• assist in the design and implementation of integrated pest management programs
• assess chemical resistance strategies
• conduct financial planning and budgeting exercises
• meet legal obligations
• demonstrate due care and attention
Growcom has two corporate members Apunga and Tie Up Farming who offer digital platforms that can assist with record keeping and take the pain out of the process. To learn more about the record keeping and farm management options on offer to growers, visit:
www.apunga.com Richard Ward firstname.lastname@example.org (07) 3041 1335
www.tieupfarming.com Free call: 1300 944 318, or Roberto Cianncio email@example.com M: 0403 704 826
Chlorpyrifos is an insecticide used to control different kinds of pests, including ants, termites, and mosquitos. Products containing chlorpyrifos are used in and around the home, in home gardens, in public spaces, and in agriculture. The APVMA has been reviewing chlorpyrifos since 2001. The review has focussed on risks to human health and the environment with progressive action happening by restricting the use patterns of products containing chlorpyrifos over the ensuing years.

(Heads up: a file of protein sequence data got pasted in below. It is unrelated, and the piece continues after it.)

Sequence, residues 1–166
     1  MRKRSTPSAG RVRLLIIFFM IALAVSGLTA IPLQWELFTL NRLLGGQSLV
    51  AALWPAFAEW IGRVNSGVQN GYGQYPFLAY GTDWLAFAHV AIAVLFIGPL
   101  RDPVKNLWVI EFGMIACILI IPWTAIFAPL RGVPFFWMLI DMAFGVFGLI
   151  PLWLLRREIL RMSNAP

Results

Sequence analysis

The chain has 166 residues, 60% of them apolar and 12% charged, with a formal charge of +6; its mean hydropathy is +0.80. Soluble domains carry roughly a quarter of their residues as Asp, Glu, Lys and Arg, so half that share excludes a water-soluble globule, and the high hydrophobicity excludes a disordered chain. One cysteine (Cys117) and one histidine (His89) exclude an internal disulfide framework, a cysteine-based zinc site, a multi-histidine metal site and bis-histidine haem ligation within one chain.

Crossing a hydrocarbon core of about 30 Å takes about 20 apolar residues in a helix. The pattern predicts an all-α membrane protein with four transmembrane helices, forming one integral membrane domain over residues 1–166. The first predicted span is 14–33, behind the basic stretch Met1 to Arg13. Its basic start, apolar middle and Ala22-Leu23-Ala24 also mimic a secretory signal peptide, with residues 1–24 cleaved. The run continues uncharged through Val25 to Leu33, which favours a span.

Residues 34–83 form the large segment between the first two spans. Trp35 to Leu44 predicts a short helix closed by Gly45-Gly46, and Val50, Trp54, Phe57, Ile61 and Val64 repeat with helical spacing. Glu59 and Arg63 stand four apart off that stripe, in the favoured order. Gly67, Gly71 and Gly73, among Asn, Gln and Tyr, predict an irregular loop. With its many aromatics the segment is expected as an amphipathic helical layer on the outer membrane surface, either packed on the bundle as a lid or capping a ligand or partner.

APVMA has recently announced the final outcome of the review which has resulted in the cancellation of certain products with uses pertaining to domestic situations and turf as tabled in their gazette.
The APVMA has released 14 findings including that chlorpyrifos is hazardous to mammals (including human beings) and has stipulated sections of the Agvet code whereby it does not meet the safety and labelling criteria. Products have been placed into tables to group those which do not meet safety criteria and or labelling criteria. A person may use the cancelled product referred to in the table according to its label instructions except for the prohibited uses, including any conditions relating to shelf life or expiry date, for 12 months from the date of cancellation.